Alex Rodriguez is no longer a superstar, and while a trade is "unrealistic," all offers for the high-priced slugger will be considered, Yankees GM Brian Cashman said Sunday.
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Cashman, speaking on "Sunday Morning with Ian O’Connor" on ESPNNewYork 98.7 FM, said there’s "no doubt" in his mind that Rodriguez will be the Yanks’ starting third baseman in 2013. But, he said, "It’s not like I’m going to hang phones up on anybody who wants to make any overtures about anything."
"You’re talking about realistic stuff and unrealistic stuff. I don’t think it’s realistic at all for us to be moving forward with anything but Alex Rodriguez at third base," Cashman told O’Connor.
"He’s still an above-average third baseman. … That means despite the contract that we had committed to him, that he’s an asset at this stage still. I don’t see us doing anything there. I don’t anticipate it. If someone wants to make phone calls, we’re more than willing to do all that stuff with any of our players, and that’s fine. You can run into something that way.
"But listen, the sooner we put to bed any expectation or anticipation that the Yankees are going to be solely focused on trying to move Alex Rodriguez. … I think that would be false. And it would be just a lot of wasted energy on anybody’s part to be thinking."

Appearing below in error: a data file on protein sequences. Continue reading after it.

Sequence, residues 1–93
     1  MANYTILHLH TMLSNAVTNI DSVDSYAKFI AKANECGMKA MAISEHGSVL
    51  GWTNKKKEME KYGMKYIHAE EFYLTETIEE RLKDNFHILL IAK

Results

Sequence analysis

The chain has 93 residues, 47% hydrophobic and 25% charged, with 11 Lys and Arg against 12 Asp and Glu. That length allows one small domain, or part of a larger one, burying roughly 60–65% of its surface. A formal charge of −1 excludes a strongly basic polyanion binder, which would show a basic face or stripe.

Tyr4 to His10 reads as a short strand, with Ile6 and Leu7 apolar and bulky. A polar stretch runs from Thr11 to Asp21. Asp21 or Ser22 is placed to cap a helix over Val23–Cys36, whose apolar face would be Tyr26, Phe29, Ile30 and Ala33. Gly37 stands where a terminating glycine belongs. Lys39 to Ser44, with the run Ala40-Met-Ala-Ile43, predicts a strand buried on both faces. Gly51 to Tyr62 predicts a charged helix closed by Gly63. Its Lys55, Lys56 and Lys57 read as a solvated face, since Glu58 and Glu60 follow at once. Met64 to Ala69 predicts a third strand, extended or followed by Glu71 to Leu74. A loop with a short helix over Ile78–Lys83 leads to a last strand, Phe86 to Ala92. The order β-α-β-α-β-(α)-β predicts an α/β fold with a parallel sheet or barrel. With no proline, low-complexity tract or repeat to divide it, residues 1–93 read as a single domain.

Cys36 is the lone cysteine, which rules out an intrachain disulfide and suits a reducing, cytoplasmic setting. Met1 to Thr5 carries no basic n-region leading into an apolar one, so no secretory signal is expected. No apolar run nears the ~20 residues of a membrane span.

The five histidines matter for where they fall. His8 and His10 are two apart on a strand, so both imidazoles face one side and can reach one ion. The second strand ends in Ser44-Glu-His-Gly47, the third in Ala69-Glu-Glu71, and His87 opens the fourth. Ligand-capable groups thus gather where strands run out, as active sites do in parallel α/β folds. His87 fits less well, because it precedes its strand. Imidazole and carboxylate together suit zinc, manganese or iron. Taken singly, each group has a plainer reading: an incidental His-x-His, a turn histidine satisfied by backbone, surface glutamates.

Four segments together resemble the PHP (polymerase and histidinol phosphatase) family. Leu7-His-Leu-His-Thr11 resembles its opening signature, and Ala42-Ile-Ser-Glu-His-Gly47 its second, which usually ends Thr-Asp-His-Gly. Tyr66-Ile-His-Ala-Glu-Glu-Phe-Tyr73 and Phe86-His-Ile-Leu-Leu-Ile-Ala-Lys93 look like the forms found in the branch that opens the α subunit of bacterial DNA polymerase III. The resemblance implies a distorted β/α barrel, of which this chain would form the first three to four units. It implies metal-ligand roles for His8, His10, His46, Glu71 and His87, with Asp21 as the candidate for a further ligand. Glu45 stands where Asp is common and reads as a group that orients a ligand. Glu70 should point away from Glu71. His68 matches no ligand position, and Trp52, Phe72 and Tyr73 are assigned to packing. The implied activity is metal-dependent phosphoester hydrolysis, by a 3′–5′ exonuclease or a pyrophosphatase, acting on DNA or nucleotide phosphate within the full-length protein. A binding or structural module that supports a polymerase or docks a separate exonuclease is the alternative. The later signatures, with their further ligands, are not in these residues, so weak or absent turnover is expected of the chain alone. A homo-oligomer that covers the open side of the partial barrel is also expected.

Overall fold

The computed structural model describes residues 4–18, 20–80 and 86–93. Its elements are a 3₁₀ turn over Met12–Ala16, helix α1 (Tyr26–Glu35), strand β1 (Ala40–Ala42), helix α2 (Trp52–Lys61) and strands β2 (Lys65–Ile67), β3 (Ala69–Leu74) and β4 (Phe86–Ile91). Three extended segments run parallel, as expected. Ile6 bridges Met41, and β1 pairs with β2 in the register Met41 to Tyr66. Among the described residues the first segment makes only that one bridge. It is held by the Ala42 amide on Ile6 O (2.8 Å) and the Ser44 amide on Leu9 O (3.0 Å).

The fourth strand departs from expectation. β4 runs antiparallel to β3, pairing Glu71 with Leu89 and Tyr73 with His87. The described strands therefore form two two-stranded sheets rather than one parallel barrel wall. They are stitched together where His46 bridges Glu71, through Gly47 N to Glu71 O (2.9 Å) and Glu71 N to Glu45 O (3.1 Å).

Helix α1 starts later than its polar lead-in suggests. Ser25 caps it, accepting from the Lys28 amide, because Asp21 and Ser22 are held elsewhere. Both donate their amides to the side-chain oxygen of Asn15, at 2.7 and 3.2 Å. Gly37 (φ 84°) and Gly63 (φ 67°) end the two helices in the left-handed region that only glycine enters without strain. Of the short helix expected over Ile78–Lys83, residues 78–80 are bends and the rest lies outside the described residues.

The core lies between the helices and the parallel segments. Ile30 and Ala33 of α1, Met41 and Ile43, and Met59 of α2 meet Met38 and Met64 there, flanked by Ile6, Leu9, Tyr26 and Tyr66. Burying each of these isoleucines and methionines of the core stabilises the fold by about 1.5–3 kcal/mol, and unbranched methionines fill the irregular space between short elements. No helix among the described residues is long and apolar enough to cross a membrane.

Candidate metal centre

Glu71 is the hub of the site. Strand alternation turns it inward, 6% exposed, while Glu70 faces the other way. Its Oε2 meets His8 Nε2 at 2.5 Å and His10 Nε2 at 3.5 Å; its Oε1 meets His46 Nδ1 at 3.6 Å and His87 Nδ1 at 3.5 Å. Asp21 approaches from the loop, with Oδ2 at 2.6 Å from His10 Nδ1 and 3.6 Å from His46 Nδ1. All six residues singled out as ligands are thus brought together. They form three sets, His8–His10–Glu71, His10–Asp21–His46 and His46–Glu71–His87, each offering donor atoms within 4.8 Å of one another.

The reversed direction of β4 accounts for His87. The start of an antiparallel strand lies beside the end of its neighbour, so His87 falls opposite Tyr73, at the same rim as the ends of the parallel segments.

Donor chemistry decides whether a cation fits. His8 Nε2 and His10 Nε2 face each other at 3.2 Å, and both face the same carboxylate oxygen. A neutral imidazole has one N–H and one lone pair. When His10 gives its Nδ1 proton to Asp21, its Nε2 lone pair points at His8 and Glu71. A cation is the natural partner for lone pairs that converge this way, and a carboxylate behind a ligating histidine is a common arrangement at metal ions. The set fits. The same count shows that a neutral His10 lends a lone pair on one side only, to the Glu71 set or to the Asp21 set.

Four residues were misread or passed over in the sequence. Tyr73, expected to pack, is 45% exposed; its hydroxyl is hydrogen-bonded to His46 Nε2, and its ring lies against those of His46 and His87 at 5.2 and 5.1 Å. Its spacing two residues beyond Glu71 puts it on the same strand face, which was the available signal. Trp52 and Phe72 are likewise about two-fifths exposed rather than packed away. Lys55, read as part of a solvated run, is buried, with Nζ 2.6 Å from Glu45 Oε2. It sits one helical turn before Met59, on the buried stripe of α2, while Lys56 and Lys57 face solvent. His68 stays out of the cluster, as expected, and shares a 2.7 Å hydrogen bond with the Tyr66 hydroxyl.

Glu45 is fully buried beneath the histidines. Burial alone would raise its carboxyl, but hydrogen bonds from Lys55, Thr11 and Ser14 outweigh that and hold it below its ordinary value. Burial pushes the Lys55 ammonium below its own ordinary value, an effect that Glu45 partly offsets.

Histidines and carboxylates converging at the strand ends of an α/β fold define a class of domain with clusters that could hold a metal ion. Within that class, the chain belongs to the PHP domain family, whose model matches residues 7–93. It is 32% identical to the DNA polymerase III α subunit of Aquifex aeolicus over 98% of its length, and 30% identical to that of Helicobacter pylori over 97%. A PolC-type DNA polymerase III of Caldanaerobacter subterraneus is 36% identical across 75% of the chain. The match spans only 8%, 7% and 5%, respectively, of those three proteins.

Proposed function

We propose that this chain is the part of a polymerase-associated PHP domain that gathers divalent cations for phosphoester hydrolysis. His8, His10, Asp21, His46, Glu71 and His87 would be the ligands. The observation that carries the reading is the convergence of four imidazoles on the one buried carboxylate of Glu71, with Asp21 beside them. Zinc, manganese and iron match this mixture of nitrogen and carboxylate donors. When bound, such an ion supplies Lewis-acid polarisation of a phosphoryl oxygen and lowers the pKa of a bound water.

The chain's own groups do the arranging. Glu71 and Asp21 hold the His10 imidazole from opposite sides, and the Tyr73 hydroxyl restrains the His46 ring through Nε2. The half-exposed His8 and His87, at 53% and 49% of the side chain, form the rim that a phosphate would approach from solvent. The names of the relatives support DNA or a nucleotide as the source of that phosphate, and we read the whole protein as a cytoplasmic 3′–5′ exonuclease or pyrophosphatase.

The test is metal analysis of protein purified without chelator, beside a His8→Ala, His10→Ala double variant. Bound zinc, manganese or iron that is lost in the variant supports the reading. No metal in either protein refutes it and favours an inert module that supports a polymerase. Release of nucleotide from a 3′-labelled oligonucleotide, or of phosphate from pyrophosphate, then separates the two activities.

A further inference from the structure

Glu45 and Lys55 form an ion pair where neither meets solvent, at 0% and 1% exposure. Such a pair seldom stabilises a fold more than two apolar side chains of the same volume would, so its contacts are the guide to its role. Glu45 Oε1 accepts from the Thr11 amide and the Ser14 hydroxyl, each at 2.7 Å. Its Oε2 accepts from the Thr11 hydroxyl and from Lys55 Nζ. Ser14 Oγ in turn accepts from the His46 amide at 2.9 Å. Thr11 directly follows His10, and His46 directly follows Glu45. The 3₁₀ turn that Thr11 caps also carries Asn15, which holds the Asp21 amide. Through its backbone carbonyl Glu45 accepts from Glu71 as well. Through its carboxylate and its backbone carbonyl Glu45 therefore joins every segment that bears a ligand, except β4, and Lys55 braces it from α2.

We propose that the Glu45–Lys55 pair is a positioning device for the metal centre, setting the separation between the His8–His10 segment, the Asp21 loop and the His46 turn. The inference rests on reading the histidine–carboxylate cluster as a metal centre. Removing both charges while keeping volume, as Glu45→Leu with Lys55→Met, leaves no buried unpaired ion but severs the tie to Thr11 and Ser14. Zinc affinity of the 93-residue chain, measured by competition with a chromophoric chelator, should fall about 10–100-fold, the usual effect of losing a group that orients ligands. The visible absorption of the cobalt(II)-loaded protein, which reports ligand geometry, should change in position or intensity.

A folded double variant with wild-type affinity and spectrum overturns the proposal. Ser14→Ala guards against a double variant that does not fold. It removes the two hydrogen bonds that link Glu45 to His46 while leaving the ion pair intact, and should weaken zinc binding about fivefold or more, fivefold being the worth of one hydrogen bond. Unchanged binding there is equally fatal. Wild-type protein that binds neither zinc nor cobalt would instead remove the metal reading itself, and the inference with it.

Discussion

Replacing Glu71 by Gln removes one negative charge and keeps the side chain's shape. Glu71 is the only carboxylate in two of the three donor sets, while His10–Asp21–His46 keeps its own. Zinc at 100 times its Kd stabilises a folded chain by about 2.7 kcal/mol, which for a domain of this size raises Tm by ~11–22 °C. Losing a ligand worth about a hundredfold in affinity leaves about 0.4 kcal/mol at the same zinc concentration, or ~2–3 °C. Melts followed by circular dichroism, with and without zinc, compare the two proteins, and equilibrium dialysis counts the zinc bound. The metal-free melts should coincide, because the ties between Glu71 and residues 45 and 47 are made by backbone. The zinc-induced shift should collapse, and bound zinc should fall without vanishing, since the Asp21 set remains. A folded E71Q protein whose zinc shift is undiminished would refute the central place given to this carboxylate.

Rodriguez was 3 for 25 during the postseason and benched during the ALCS. He still has five years and $114 million remaining on his contract.
"Do I expect him to return to the MVP-caliber type Alex Rodriguez? No," Cashman said. "Obviously you decline with age, and he’s getting up there in his age. … So no, that would be very unrealistic to think as well. But despite the age where he’s at, he’s still an above-average player at that position.
"Is he a superstar at that position? No. But I think when anybody signed that (10-year, $275 million) contract (in 2007), expecting him to be at that level at that age would be unrealistic also."
Cashman said the Yankees will have to be very careful about handing out long-term contracts, bringing into question the future of All-Star second baseman Robinson Cano and other players looking to cash in. Managing general partner Hal Steinbrenner has said he wants to cut payroll to $189 million by 2014.
Cashman also said Andy Pettitte is "great at what he does" and "can keep doing it if he so chooses," but didn’t know if Pettitte wants to pitch in 2013 and didn’t say that the Yankees wanted him back.